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Moss Hysteria! The Vikings Cut Randy Moss, And We All Ask What Went Wrong

The Minnesota Vikings shocked the sports world Monday when they cut ties with the superstar they'd acquired just four weeks earlier. And just like that, Randy Moss is an outcast again, and the rest of us are left to ask, "what is Randy Moss' problem?"

EDEN PRAIRIE MN - OCTOBER 7:  Minnesota Vikings wide receiver Randy Moss answers questions from the media during a press conference at Winter Park on October 7 2010 in Eden Prairie Minnesota.  (Photo by Adam Bettcher/Getty Images)
EDEN PRAIRIE MN - OCTOBER 7: Minnesota Vikings wide receiver Randy Moss answers questions from the media during a press conference at Winter Park on October 7 2010 in Eden Prairie Minnesota. (Photo by Adam Bettcher/Getty Images)
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The news that Randy Moss has been cut from the Minnesota Vikings shocked everyone. Even the most jaded Randy Moss cynics didn't think his return to Minnesota would end like this. For things to deteriorate this quickly, something had to be seriously wrong.

Right? That's the only explanation here. And it's led a lot of folks to turn to Moss' post-game press conference in New England for answers. So let's begin there.

He got emotional, he hemmed and hawed, and he made a point to thank all the former teammates that he encountered on what was obviously a day full of complicated emotions. He talked about meeting Deion Branch, his replacement, and called it "a pleasure." He talked about the memories in New England. And he said of his ex-teammates, "You know, I just want to be able to tell the guys, I miss the hell out of them. Every last helmet in that locker room. Coach Belichick, he gave me the opportunity to be part of something special. That's something I really take to heart."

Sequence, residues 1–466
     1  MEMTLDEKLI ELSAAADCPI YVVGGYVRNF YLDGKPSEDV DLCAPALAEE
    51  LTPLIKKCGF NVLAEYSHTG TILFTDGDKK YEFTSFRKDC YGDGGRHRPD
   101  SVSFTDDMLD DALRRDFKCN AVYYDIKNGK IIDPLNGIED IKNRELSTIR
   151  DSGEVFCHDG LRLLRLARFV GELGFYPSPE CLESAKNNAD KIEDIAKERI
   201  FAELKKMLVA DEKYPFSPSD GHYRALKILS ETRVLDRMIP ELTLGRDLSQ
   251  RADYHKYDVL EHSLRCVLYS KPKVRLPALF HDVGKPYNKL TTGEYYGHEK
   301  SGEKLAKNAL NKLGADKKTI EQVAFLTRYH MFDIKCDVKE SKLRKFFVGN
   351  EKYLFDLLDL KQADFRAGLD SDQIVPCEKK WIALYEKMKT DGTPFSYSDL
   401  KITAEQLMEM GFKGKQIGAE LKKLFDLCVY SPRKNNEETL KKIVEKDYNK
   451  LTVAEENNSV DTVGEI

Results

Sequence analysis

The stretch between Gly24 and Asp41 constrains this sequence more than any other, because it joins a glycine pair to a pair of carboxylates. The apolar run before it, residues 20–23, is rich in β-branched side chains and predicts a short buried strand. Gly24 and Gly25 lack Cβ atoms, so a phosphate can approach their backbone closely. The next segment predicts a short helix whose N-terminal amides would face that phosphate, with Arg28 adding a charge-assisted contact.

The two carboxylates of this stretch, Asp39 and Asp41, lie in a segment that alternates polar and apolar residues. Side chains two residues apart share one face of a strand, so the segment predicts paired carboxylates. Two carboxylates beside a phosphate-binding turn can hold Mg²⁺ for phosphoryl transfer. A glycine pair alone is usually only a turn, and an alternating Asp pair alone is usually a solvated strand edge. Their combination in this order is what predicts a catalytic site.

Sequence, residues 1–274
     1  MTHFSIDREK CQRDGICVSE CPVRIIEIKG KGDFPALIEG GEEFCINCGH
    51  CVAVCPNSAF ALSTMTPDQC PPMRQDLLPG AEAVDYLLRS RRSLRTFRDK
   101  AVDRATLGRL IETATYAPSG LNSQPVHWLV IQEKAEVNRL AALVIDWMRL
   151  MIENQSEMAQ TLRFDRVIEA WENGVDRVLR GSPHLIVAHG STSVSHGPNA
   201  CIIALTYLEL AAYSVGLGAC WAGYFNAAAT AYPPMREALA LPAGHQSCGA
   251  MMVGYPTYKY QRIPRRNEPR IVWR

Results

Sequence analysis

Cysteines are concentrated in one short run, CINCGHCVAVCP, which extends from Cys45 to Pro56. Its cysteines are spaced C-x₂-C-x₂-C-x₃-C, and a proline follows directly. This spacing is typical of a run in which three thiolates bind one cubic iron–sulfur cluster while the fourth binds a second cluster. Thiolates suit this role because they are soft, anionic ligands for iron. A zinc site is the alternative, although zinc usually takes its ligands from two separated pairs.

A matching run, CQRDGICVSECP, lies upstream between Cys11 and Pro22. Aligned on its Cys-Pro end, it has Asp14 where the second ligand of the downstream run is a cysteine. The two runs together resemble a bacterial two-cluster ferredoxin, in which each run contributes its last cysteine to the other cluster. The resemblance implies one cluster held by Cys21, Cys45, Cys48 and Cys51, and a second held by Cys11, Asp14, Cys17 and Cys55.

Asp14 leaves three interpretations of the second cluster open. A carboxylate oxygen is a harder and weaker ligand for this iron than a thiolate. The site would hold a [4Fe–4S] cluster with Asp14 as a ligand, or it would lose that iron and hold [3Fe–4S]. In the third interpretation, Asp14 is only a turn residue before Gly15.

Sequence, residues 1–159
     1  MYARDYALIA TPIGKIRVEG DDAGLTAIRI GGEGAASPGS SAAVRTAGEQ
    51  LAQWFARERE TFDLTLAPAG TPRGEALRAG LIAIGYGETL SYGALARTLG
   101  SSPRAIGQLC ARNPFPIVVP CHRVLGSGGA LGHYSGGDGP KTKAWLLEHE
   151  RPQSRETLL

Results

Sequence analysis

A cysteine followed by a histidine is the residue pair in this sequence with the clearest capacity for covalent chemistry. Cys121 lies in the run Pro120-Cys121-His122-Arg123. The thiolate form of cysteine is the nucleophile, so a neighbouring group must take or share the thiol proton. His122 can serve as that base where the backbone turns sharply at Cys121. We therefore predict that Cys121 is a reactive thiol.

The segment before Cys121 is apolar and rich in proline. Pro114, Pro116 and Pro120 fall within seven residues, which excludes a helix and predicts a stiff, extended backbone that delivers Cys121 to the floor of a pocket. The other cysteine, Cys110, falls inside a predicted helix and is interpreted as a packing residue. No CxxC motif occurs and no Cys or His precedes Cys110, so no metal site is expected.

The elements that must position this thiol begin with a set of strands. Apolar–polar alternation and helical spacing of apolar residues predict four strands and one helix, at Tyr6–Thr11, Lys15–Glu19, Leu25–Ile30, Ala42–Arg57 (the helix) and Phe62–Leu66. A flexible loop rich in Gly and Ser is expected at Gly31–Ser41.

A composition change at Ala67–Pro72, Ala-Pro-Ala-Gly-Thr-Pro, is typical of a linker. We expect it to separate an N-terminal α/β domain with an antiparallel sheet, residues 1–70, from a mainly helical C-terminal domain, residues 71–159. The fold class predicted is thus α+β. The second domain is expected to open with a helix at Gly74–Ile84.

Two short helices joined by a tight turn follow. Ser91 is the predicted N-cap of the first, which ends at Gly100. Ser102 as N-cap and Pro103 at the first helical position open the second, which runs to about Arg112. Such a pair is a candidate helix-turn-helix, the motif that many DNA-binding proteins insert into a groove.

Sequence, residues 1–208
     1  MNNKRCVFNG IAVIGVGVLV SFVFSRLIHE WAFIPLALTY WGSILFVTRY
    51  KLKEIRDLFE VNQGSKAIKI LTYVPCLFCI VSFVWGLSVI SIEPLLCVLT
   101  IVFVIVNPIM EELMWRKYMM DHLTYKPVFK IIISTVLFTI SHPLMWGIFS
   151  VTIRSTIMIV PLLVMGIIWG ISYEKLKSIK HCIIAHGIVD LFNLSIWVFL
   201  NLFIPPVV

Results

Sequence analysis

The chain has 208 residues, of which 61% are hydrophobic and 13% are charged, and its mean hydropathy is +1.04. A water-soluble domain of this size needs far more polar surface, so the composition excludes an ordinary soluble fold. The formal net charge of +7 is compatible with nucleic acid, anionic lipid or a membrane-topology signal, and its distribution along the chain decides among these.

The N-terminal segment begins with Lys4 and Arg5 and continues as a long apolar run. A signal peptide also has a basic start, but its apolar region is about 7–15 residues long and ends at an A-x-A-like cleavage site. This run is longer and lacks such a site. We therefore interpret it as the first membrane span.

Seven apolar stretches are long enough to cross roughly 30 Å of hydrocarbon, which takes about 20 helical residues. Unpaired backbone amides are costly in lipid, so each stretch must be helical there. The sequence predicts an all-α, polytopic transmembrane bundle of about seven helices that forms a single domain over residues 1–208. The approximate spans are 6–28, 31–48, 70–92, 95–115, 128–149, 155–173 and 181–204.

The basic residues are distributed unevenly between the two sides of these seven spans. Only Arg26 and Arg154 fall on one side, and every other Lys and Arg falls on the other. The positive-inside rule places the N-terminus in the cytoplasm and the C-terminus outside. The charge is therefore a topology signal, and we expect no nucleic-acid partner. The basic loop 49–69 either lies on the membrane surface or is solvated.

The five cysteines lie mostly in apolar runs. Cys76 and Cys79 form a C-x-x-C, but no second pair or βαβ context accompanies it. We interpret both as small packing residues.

And when he went on to talk about the day's game, he vented a little bit. He said that it was frustrating to work all week, try to explain to Vikings coaches what the Patriots do, and then have his advice go ignored on Sunday. It was a moment of frustration, boiled over in front of the cameras.

Then, we KILLED him for it.

I spent Sunday night offline and watching HBO, so I didn't hear about the press conference until Monday morning, when Bomani Jones mentioned Moss' "meltdown." Yahoo! Sports called it "surreal." A Minneapolis paper wrote headlines about Moss "ripping" his team. And on and on. The reaction was near-universal—another case of Moss' cancerous tendencies come to light.

The news of his release came to obscure the incident—a petty press conference pales next to the spectacle created by Moss' sudden dismissal—but maybe it shouldn't have.

The story is that press conference. Had another player said exactly the same thing as Moss did on Sunday, it's not a story. Or, not an overwhelmingly negative story. That's his biggest problem, though. Whatever Randy Moss does, it just always seem to come off in the worst way possible.


"We were up 7-6. Yeah, it's not 70-6, but we're up 7-6," Favre added. "So I said, 'I'm staying in the game, I'm playing.' I don't know if it was exactly to protect me, or we had seven points, I'm not sure. That's his call. ... My response was, we've got to win this ballgame and I want to stay in and do whatever I can. Now, unfortunately, I didn't do that, but that was my intention."